This is a sample of the stories that will be available every month on AdoptaFarm.
Different stories will be added as the months go by reflecting the the work being
done on Lochdhu throughpout the year. Click on the photos to see the full size version.
It's early in the morning at Lochdhu, and it's time to feed the sheep. The main part of the flock's diet over the winter is grass silage, but the female sheep (ewes) are pregnant and this wouldn't give them enough nutrients to feed them over their pregnancy on it's own. A concentrate, which is a mixture of things like soya, sugar beet pulp, maize, barley and some minerals to supply all the ewe's requirements, is brought in by a lorry and pneumatically blown into the big silo bin, in the corner of the farmyard. There is a special chute on it specially designed to fill the trailer on the four wheel bike which is called a snacker.
The bulk silo holds 5.5 Tonnes of sheep feeding concentrate. It has been specially formed into "rolls" about the size of a thumb. These are easy for the sheep to find and pick up when the snacker trailer drops them automatically on the ground. The snacker is pulled behind the farm bike and holds about 250Kg.
Jake the collie is the farm sheepdog and likes to go around the sheep every morning with Farmer Bob. He's got a special mat on the back of the bike which he sits on while Farmer Bob zooms about. Jake loves the wind in his face and looks over Farmer Bobs shoulder when they go across the fields.
It's important to get round the sheep early in the morning to make sure that they are all OK. The sheep can hear the bike coming along the hill from Lochdhu, and by the time the bike and the snacker get to the field gate, all the sheep in the field are waiting for their feed, and, like to make a lot of noise.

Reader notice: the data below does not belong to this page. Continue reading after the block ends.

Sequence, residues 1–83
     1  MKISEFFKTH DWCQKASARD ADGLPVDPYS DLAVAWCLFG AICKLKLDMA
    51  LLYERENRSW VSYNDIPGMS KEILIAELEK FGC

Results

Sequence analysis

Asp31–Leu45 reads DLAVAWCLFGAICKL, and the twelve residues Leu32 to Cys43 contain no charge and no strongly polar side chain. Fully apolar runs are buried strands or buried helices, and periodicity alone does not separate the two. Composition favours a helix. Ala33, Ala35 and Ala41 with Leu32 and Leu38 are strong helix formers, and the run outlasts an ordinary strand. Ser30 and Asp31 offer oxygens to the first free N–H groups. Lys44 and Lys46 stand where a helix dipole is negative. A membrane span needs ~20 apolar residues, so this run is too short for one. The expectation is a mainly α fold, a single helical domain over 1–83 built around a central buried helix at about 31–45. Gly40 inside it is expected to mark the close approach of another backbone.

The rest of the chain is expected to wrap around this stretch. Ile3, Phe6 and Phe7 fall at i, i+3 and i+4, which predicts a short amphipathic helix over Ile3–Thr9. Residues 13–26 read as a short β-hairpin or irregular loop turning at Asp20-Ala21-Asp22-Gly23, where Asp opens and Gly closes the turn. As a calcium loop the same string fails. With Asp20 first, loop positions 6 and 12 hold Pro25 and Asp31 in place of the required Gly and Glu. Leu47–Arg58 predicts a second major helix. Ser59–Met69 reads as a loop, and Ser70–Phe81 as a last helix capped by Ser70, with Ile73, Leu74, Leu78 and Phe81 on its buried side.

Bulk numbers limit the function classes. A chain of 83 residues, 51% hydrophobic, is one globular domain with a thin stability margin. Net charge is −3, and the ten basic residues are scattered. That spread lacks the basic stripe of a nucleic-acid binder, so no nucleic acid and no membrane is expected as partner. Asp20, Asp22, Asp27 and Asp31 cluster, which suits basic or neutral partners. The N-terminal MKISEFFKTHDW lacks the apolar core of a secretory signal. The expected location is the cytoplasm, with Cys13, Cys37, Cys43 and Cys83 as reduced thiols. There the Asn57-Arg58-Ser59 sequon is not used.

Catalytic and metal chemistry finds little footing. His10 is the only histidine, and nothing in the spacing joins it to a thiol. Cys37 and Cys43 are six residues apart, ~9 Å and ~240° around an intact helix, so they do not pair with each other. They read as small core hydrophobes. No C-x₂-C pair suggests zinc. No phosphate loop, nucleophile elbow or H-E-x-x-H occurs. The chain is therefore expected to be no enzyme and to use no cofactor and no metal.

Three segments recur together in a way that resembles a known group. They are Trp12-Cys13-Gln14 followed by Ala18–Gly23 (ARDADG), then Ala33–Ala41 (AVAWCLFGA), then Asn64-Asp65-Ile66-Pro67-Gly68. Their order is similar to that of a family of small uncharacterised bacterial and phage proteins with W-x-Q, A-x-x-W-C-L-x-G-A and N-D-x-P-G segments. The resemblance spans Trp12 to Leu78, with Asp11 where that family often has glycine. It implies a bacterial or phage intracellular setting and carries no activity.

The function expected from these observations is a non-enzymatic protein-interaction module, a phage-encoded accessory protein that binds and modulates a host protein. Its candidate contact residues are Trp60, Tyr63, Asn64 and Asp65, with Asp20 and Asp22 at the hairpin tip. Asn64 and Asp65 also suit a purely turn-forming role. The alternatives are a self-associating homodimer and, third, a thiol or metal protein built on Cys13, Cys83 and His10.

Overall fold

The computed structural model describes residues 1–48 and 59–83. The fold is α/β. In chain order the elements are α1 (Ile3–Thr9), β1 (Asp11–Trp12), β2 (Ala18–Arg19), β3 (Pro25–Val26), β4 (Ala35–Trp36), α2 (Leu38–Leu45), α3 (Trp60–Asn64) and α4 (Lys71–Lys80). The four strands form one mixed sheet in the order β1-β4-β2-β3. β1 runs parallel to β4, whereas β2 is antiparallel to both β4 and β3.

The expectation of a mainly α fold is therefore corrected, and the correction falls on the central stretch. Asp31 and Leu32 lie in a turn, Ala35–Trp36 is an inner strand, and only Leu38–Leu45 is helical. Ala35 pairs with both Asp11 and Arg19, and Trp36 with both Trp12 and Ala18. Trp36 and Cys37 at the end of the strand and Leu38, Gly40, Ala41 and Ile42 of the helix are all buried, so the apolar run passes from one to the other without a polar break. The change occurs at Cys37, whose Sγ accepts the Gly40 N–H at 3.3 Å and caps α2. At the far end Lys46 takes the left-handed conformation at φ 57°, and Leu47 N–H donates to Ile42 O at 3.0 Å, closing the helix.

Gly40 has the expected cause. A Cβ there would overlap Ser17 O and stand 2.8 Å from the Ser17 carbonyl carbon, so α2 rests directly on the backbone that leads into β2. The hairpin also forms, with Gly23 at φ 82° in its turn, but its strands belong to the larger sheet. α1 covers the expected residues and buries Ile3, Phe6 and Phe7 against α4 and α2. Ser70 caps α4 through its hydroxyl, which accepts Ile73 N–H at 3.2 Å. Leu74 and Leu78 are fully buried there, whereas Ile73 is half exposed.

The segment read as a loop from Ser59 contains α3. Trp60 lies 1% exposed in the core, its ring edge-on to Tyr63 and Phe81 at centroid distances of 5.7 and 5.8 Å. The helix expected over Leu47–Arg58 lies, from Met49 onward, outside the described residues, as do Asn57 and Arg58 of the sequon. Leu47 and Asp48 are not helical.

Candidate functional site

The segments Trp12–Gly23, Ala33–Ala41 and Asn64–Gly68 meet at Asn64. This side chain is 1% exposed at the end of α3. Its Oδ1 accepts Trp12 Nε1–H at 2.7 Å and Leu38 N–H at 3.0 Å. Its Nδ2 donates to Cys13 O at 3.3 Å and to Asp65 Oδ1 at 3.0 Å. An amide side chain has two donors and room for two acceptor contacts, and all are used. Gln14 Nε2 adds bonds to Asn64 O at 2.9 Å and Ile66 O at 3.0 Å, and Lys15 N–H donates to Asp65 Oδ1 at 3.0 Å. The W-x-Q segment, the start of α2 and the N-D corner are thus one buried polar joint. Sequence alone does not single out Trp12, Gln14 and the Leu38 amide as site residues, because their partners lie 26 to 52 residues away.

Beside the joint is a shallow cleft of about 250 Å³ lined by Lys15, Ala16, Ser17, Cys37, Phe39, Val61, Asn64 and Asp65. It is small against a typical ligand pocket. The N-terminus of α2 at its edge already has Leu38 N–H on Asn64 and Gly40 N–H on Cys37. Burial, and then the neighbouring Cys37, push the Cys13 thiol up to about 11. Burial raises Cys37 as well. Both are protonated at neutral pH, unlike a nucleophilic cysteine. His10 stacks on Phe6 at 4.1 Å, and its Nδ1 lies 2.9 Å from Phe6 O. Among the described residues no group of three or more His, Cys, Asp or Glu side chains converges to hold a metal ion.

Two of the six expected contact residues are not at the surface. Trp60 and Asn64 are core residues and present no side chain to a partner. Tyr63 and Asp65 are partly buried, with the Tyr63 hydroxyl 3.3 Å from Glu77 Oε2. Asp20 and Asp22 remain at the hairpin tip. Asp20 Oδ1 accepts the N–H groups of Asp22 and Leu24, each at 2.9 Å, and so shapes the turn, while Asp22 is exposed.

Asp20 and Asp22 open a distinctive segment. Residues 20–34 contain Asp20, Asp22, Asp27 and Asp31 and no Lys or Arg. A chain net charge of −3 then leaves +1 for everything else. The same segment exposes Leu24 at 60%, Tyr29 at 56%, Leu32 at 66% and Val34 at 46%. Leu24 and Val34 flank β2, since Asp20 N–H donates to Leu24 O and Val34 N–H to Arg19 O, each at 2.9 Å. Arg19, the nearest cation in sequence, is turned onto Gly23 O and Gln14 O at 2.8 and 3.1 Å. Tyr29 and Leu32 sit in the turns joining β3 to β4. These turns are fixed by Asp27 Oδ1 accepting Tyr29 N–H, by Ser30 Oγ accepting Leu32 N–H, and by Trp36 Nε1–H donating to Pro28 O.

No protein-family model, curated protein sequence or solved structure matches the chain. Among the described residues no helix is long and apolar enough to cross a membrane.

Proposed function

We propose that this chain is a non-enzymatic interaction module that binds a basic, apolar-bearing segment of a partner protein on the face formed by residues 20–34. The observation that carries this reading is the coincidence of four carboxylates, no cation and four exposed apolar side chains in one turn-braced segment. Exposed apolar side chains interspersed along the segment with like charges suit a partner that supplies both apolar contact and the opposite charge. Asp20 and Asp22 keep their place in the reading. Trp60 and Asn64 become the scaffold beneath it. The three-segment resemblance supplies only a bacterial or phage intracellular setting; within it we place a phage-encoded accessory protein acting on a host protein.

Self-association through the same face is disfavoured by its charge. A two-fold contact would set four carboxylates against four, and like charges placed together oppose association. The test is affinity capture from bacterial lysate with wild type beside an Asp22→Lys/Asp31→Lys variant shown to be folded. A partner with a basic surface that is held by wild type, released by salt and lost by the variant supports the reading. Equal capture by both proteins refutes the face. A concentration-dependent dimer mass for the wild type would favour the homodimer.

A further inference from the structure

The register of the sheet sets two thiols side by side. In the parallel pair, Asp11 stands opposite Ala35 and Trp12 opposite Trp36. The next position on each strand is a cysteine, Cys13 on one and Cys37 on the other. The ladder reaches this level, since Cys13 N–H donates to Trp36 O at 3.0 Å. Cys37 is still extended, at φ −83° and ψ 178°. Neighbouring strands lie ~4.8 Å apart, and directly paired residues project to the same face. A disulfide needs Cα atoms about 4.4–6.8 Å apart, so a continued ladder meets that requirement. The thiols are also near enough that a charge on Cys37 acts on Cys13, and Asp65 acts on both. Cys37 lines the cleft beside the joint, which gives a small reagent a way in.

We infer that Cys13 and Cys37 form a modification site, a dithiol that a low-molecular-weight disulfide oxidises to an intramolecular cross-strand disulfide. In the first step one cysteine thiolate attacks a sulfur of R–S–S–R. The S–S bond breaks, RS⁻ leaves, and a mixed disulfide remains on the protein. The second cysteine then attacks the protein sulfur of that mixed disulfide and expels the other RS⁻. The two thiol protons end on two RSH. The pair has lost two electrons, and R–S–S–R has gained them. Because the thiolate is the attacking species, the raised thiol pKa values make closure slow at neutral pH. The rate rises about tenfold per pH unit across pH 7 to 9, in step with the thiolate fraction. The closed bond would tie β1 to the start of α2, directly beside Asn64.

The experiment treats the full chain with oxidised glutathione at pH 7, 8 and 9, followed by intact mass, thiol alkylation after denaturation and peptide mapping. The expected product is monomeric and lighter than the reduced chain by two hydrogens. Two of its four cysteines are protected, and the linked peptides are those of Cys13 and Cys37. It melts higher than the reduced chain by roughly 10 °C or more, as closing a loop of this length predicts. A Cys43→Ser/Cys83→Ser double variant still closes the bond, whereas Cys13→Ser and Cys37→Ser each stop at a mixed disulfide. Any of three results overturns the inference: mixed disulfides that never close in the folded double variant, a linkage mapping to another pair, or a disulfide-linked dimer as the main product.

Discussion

This particular morning there was a hard frost on the ground which is not unusual for this area, but the sheep are hardy, their thick fleeces keeping them warm.
As the bike drives along the field the snacker automatically drops concentrated feed in little piles of about 1Kg each. That's about the same size and weight as a bag of sugar. The ewes run around behind the snacker to find the concentrate.
You can just see the lumps of concentrate on the ground, (click on the picture to view full size). This is a really good way of feeding sheep at Lochdhu in the winter as the snacker can drop the concentrate on a fresh piece of ground every day. There is also very little waste and the ewes clean everything up in about 5 minutes.
There are about 140 ewes in this group feeding on the concentrate. the amount of concentrate they get each day depends on a number of factors. They only get concentrate feeding in the last 6 -7 weeks of their pregnancy. They are started off at about 100 grammes each per day and this is increased steadily until they are each getting about 1Kg.
In December all the ewes are scanned to determine the number of lambs they are carrying. The vet uses the same sort of Ultrasound device that Doctors use on pregnant women. Ewes carrying triplets, or in rare occasions quads, will be fed more than those carrying twins which is the normal number of lambs. Ewes with triplets maybe fed up to 1.5Kg of concentrate per day.
Ewes carrying twins will be fed a maximum of 1Kg per head per day. This year about 12% of all the ewes scanned are carrying single lambs. These ewes will only be fed Concentrate in the last 3 weeks of their pregnancy. This will be more than enough for their single lamb as any overfeeding could make the lamb too big for a comfortable and safe birth.
It is very important to get the feeding balance correct. Overfeeding will produce fat ewes with lambing problems and underfeeding will produce weak, small lambs with mothers that have no milk since all of the ewes available energy will go into producing a stronger lamb.
All the ewes have free access to silage (grass cut by Farmer Bob and stored over winter). The silage feeders are filled up with fresh silage every couple of days. After 3 days the silage starts to go off and the sheep will refuse to eat it (you thought you were a fussy eater!) and anything left will have to be thrown out.
There is no story for a few of the pictures but we decided to leave them in as the pictures are so good, click on the picture to enlarge it to full size.
All of the ewes that are not in lamb have already been sent to market. They are either unable to breed or too old. It does mean that there is more feed left for all the ones that are in lamb.
All the ewes will stay out in the open fields until one week before they are due to lamb, then they will be brought into the lambing shed to give birth.
Next month members will see the inside of the lambing shed and all that happens in it. Even the yukky bits!